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End-Point Security

Definition

End-point platform protection is a set of technologies based on the strategy in which security software is distributed to end-user devices, but centrally managed. End-points can include laptops, PCs, and specialized equipment such as inventory scanners and point-of-sale terminals. End-point security systems work on a client/server model. A server hosts the centralized security program, which verifies logins and sends updates and patches when needed. A client program is installed on or downloaded to every end-point, which, in this case, is every user device that connects to the corporate network.

Simple forms of end-point security include personal firewalls or anti-virus software that is distributed and then monitored and updated from the server. The term is evolving, however, to include security elements such as intrusion detection and prevention, anti-spyware software, and application control programs.

Consolidating multiple components into single expandable agents, have as result reducing the footprint of these agents. Also, vendors are continuously improving their products focusing on the increasing the scanning speed, and other features aimed to decrease the impact of scheduled scans.

User Benefits

Malware has dramatically changed over the past few years. Not just the techniques used, but also the volume. It’s typical for an anti-virus company to identify 1-2 million new malware samples per month and it gets worse: a large portion of malware today is hidden within legitimate looking software.

Anti-malware software's purpose is to prevent, detect, and remove malicious software (malware) with only one agent and using a centralized management console. Malware can include computer viruses, worms, adware, spyware, stealware, and trojan horses.

Business Impact

Consolidating end-point security efforts from one console and one vendor is helping an enterprise to acquire stronger protection at a lower cost. Integration with one management console means the enterprise can turn on protection fast, with a single agent deployed quickly and easily.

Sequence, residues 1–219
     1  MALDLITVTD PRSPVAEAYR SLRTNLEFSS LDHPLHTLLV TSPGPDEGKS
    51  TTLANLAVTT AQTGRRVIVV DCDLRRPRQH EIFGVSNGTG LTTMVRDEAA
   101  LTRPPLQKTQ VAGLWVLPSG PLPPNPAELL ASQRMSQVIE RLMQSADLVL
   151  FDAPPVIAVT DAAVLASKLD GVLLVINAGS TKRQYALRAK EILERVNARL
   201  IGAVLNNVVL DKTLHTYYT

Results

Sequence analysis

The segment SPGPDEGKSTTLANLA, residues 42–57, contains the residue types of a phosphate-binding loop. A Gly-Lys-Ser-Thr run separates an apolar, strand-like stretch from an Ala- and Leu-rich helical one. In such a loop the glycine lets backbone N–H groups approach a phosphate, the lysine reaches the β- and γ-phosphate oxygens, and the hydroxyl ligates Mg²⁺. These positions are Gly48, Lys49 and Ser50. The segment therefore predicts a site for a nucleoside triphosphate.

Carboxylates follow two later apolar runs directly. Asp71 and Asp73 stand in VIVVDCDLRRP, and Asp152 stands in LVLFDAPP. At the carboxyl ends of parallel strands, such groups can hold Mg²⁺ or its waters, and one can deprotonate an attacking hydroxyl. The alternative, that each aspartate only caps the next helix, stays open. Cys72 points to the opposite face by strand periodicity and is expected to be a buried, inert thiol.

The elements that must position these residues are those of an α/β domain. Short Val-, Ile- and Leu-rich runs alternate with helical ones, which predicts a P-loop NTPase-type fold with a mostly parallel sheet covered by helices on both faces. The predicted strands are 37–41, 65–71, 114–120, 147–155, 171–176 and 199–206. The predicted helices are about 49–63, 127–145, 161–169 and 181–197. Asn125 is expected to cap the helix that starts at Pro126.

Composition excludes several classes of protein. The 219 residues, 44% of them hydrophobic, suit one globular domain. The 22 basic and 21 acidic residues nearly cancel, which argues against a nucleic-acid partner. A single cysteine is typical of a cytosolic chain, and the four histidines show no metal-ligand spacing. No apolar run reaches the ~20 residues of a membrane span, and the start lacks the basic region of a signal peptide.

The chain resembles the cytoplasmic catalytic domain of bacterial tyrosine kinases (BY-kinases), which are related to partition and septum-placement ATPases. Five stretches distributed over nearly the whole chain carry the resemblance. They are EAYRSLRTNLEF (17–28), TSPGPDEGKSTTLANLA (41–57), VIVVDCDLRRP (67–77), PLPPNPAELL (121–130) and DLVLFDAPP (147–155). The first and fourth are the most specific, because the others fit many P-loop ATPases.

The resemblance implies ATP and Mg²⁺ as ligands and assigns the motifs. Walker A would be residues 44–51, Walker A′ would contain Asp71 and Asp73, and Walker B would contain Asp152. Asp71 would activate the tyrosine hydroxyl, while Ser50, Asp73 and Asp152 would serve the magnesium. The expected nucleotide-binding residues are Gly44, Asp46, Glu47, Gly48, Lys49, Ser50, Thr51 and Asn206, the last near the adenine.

Manage all the protection from one centralized console generates saving money every day by saving time and also improves visibility and reporting capabilities.


Products supporting this technology

Malwarebytes McAfee Quarri

There are new strategies for the control of the enterprise desktop, and new strategies will transcend horizontally across security and operations. Centralized management and agent integration are defining what is important for enterprises looking for greater control over what has been a disparate set of desktop technologies.

Traditionally, desktop support has had to worry about 3 and in some cases more agents that require central administration and management – that is they are dynamic in nature and require consistent updates or periodic configuration changes. Centralized management, although important, has not driven the need for a single or reduced set of agents until recently. The last 2 years are important not only for the significant change in the threat landscape, and the increase in regulatory pressures. Enterprises have business requirement to deploy a minimum of 3 but usually more separate security and operations technologies, such as antivirus, anti-spyware, personal firewall, host-based intrusion prevention, NAC or policy enforcement, encryption (for laptops mostly), content monitoring and filtering (or DLP), vulnerability management, patch management), software distribution, configuration management, policy compliance, and others. This complex set of technologies and the big challenge is how to simplify.  Simplicity in this case means two major processes: eliminating all redundant elements and integrating disparate elements into a common work-flow or process. The answer is in centrally managed agents or a single agent that promise to address a broad-set of functions.